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Luke 2:13-14

A familiar Christmas refrain is taken from the King James Version of Luke 2:14: “On earth peace, good will toward men.” And that must be the correct version, because that’s the one Linus recites every year on the Charlie Brown Christmas special. And those are the words in the carol “It Came Upon a Midnight Clear” — “Peace on the earth, good will to men.”

But is that what the angels really said that night outside Bethlehem? If it was — if the angels were making some sort of prediction in connection with the birth of Jesus — obviously it has not come to pass. The earth is not at peace. This year the fighting is in Bosnia and Rwanda, next year it will be somewhere else, but it will be somewhere. They say that in the last three thousand years only three hundred have been without war, and over eight thousand treaties have been broken. A line out of one of our Christmas carols reads, “Beneath the angel strain have rolled two thousand years of wrong.”
Jesus Himself said, “You will be hearing of wars and rumors of wars; see that you are not frightened, for those things must take place” (Matthew 24:6). So if we have been thinking that there was to be no more conflict or combat after the birth of Jesus, we have been hearing the angels wrong.
There is an interesting reason why the translation of Luke 2:14 in the King James Version seems to carry this erroneous message. The King James Version was translated into English from a Greek text known as the Textus Receptus, or the “Received Text.” The Textus Receptus was based on the first printed Greek New Testament issued by Erasmus in 1516. Erasmus, however, referred to only seven Greek manuscripts, and they were late texts. More recent English translations are from a Greek text that is based on hundreds of manuscripts that are earlier than the ones Erasmus used. In the vast majority of cases the variations in these manuscripts are minor and make little difference. In the case of Luke 2:14 the variation is only one letter (en anthropois eudokia of the Textus Receptus compared to en anthropois eudokias in the best manuscripts). In the Textus Receptus “good will” may be taken as a parallel to peace — “peace, good will to men.” But in the better manuscripts “good will” is an adjective that qualifies “men,” or “people” — “peace among men of good will,” or “peace to men on whom his favor rests” (NIV), or “peace among men with whom He is pleased” (NASB).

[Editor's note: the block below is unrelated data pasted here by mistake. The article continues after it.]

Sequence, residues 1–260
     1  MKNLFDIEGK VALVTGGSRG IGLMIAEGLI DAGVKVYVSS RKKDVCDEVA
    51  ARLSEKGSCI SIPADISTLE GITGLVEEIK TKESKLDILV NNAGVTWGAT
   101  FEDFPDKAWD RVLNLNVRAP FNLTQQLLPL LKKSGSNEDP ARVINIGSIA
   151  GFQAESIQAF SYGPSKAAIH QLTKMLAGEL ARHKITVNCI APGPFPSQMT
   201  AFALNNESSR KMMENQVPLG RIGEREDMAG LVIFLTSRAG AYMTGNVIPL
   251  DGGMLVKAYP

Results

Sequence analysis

What then, is this Christmas peace — the peace of which the angels spoke? It is the peace that may be experienced by the people of God’s good will. And that is the peace that I want to talk about this morning. This kind of peace begins with peace with God, which is evident from the words of the angels — they announced “peace among men with whom He is pleased.” A man in the hospital was close to death. A minister came to see him and asked, “Have you made your peace with God?” His answer was, “I didn’t know we had ever quarreled.”
That is exactly the problem of many people in our country today. T.A.Harris’ “I’m Okay, You’re Okay” message has been so thoroughly ingrained in our societal psyche that no one suggests a person is not “okay” with God. People think that if they believe such an idea it would mean that they were not well-adjusted. This belief in inherent and universal “okayness” is one explanation for all the good cheer during the Christmas season. Even people without God can be cheerful because our culture has convinced them that miracles happen on 34th Street without God, and that “it’s a wonderful life,” even without any explicit reference to Jesus Christ.